After 2 historic months of jobs growth, Illinois still lagging
The two months since the election have been the Land of Lincoln’s best stretch of employment growth in the post-recession era. But the state’s sudden job-creation steam will run out without a healthy fuel of economic-reform policies.
Job creation in Illinois has been a positive surprise in the two months since the Nov. 4 elections. While the sudden good news could be an aberration, it’s also possible that forward-looking businesses breathed a sigh of relief at the outcome of the gubernatorial election, which was expressed through more hiring.
The Bureau of Labor Statistics, or BLS, household survey shows how many Illinoisans are working, while the BLS business-establishment survey indicates how many new positions Illinois businesses have added. Over the long term, the surveys track each other. With both surveys taken in combination, the two months since the election have been the Land of Lincoln’s best two-month effort in the entire post-recession era.
The two-month stretch to end 2014 is also Illinois’ second-best two-month performance of this millennia. The only time in the last 15 years Illinois performed so well on both economic surveys was in the first two months of 2006, during the heyday of the housing bubble.
This is welcome news in a state where economic opportunity has been severely lacking. However, even if this two-month success is the result of regime confidence, Illinois’ sudden job-creation steam will run out without a healthy fuel of economic-reform policies.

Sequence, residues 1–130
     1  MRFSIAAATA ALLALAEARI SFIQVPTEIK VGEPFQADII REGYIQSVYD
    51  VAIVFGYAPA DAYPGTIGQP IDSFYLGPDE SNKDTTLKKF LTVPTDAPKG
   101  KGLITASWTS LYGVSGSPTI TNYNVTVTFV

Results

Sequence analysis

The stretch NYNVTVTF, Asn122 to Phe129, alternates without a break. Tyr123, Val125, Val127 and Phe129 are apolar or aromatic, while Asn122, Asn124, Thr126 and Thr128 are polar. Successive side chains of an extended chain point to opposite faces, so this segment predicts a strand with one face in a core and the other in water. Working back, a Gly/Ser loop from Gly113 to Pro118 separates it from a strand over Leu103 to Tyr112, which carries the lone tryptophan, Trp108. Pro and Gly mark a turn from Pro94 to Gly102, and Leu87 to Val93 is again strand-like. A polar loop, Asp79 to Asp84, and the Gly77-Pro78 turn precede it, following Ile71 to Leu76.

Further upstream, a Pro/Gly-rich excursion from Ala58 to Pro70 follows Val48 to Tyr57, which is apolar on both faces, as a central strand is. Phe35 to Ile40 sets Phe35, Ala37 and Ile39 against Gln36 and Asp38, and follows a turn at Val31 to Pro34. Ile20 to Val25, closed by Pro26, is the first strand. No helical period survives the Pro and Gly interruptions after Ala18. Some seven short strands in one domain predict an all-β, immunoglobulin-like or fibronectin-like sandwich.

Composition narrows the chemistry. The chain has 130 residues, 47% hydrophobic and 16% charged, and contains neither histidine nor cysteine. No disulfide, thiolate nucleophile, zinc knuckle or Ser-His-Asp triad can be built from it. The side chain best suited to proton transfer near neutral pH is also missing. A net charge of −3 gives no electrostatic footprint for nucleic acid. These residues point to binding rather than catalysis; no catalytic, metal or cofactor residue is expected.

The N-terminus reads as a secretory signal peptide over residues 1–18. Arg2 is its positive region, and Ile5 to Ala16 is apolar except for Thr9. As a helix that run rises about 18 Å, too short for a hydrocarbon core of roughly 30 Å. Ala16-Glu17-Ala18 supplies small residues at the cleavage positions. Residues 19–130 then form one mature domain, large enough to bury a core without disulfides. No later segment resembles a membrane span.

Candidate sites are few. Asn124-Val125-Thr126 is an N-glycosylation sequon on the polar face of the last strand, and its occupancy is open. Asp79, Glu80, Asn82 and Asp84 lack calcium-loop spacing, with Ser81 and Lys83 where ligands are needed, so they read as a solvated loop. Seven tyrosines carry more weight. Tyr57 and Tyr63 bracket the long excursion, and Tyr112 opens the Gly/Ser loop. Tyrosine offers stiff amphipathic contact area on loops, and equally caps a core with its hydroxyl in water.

Furthermore, Illinois still lays claim to the worst recession recovery in the nation. According to the BLS household survey, there are still 216,000 fewer Illinoisans working than when the Great Recession began, the worst of any state and one of only 22 states that still have fewer people working than when the recession started.
The business-establishment survey for the 2008-2014 period shows 114,000 fewer payroll jobs in Illinois than when the recession began, the second-worst record of any state, and one of only 15 states yet to break even on the recession. Only New Jersey is down more payroll jobs.
Given the U.S. is overdue for a recession, enacting a pro-growth tax policy and replacing Illinois’ smothering regulatory environment are critical for locking in current gains and weathering future storms.
Illinois can start by reversing its reputation as a hazardous state for small businesses, which earned the state an “F” for small-business friendliness in 2014. This can be done by enacting a legislative agenda for entrepreneurs, along with encouraging local economic reforms to foster startups and innovative business models.
Maintaining a steady stream of positive employment news, something the state hasn’t seen in nearly a decade, can only be achieved through these types of pro-growth reforms.